By Sydney Maki
College is hard on your bank account. The fiscal responsibilities you’ll have after graduation hit even harder.
This summer was my last as a student, and as financial aid dispersal season loomed close, I wondered what my life could look like in another 12 months. No more would I be able to craft a formula of savings and paychecks minus rent, utilities, textbooks and groceries to calculate how much my student loans needed to be.
The unofficial verb “adulting” means “to behave like an adult, specifically to do the things—often mundane—that an adult is expected to do,” according to a Merriam-Webster analysis. Although it isn’t a technical dictionary entry yet, the word carries clout for college kids like me.
The idea of becoming a successful adult feels far away, but the reality of it isn’t. As the semesters separating me from everyday adulting disappear, managing my budget gets more important — not only for my future checkbook, but also for my sanity. Learning and preparing now seemed like the only way to alleviate — or at least feel prepared for — the stress of starting a life and career blindly.
I started researching budgeting tactics, picking out what would work well for me and made a new kind of budget. This one took longer to load on my computer, with estimates for potential doctor visits, oil changes and cleaning supplies. I tried plugging in car insurance, renter’s insurance and the money I spend on new glasses every few months when I step on mine. Organizing finances doesn’t sound personal until you’re deep in bank account transactions and wondering what you spent $60 on in February.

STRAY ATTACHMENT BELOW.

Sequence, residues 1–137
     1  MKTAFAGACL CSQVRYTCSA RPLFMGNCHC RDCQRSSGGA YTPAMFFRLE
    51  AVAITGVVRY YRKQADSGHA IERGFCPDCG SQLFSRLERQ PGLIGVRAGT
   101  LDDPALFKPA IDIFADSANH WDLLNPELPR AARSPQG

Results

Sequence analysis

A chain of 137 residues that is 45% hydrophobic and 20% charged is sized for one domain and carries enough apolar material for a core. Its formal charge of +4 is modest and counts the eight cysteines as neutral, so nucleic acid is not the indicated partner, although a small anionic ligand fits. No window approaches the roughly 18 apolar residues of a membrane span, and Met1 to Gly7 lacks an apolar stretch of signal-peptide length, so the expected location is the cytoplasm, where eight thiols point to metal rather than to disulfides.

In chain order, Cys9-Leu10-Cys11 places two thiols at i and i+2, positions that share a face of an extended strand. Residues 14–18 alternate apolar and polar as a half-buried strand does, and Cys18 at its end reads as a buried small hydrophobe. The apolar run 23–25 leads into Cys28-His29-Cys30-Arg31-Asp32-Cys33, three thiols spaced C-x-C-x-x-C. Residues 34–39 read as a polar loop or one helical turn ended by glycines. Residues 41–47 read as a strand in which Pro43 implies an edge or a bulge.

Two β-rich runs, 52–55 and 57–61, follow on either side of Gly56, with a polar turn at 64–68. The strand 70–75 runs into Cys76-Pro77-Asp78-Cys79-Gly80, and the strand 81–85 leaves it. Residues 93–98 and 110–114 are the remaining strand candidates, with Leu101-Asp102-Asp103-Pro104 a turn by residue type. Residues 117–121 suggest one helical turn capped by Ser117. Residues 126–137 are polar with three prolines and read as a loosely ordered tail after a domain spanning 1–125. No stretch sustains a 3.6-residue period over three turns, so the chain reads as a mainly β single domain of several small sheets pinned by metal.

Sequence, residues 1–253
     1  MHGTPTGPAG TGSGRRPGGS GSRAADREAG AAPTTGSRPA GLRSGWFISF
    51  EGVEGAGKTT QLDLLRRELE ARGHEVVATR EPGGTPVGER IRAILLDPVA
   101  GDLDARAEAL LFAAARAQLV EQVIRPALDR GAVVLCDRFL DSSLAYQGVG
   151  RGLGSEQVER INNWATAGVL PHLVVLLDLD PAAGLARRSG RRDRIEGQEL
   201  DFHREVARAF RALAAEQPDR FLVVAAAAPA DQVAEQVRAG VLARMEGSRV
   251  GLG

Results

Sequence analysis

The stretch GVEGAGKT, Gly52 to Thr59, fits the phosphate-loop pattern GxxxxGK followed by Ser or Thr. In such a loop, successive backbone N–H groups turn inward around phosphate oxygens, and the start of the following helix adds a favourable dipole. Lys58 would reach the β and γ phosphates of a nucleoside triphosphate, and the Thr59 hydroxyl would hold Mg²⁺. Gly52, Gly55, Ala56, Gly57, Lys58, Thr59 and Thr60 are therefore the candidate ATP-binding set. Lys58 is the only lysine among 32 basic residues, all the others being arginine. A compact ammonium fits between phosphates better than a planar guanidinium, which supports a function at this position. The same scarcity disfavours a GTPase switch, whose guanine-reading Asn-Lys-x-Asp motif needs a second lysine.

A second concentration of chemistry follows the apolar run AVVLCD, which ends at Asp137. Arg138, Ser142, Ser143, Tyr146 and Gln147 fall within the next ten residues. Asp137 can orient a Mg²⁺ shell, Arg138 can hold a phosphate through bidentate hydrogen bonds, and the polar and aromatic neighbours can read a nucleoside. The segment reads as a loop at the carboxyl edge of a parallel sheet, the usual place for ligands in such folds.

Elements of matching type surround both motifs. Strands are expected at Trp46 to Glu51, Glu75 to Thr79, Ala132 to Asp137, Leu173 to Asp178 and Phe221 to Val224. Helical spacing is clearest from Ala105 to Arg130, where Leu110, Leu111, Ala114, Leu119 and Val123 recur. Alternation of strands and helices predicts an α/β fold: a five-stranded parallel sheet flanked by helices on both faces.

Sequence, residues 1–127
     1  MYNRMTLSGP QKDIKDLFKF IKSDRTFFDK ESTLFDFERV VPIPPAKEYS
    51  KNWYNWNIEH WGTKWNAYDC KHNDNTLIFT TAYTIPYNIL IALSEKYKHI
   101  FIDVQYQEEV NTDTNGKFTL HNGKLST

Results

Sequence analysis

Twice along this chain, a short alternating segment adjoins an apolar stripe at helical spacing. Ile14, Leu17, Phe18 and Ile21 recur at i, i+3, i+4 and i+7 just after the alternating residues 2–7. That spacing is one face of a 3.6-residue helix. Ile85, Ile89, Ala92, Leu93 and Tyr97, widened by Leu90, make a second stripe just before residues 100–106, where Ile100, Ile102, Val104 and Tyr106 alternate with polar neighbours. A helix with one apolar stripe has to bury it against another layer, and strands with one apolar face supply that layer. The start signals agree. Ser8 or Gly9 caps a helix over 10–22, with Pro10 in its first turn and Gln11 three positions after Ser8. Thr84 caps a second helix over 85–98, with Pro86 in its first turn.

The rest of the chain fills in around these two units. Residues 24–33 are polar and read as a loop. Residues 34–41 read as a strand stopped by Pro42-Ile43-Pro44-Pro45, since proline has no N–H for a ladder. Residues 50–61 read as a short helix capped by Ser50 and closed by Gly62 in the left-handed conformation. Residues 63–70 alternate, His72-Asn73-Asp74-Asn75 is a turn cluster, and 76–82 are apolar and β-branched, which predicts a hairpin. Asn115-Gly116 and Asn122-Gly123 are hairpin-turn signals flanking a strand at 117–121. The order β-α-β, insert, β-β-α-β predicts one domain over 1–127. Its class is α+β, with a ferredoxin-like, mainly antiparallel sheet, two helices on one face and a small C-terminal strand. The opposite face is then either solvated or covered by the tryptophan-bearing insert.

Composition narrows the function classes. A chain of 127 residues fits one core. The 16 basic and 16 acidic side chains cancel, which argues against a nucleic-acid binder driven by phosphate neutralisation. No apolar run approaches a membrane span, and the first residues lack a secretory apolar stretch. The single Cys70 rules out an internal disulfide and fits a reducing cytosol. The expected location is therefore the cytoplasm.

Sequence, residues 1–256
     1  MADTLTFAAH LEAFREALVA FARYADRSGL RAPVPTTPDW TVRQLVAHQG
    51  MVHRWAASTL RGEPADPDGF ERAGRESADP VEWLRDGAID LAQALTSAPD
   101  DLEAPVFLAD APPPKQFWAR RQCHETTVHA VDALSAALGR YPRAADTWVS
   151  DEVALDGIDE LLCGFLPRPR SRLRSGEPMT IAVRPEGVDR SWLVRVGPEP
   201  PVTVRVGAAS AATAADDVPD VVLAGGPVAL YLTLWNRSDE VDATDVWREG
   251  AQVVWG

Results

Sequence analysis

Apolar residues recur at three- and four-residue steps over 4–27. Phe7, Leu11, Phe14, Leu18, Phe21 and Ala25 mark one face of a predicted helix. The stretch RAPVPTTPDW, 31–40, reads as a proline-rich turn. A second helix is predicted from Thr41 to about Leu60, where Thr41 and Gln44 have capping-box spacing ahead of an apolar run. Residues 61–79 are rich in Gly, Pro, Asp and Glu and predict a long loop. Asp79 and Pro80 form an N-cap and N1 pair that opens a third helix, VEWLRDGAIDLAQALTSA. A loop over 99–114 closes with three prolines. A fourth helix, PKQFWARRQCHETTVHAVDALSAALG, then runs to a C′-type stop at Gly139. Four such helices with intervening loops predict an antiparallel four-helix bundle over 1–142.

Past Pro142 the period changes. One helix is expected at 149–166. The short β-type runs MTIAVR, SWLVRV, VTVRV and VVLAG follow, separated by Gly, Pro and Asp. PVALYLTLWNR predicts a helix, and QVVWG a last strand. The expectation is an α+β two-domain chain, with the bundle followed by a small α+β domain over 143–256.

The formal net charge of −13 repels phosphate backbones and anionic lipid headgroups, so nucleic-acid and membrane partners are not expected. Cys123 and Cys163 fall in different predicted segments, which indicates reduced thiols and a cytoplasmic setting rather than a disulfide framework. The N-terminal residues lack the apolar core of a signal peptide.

By the end, I recognized some areas where change was needed and started tweaking my life to be more frugal. I worked out possible programs for paying back my student loans and made comparison charts based on my savings and hopeful future income. With scenarios flushed out and plans to stay afloat made, I realized that personal finance isn’t just something teachers and moms buzz about — it’s a legitimate part of taking responsibility for yourself.
Of course, a job is first on my future to-do list. But reflecting on my own spending trends, habits and responsibilities has helped me to recognize where I can be better. Four new pairs of glasses in a year is too many — and the cost of prescription lenses add up fast. I’m pushing myself to be better about putting more of my paychecks into savings, holding myself to a budget for food and saying ‘no’ to that afternoon Starbucks.
As graduation gets closer, I’m coming to terms with my future responsibilities — and with the reality that there won’t always be a fallback on my university finance page when pockets get shallow. Writing out goals has helped the most, creating an actual standard to hold myself to. It’s easy to think of money only when it’s gone. But by being proactive about finance, entering the working world after college gets a whole lot less scary.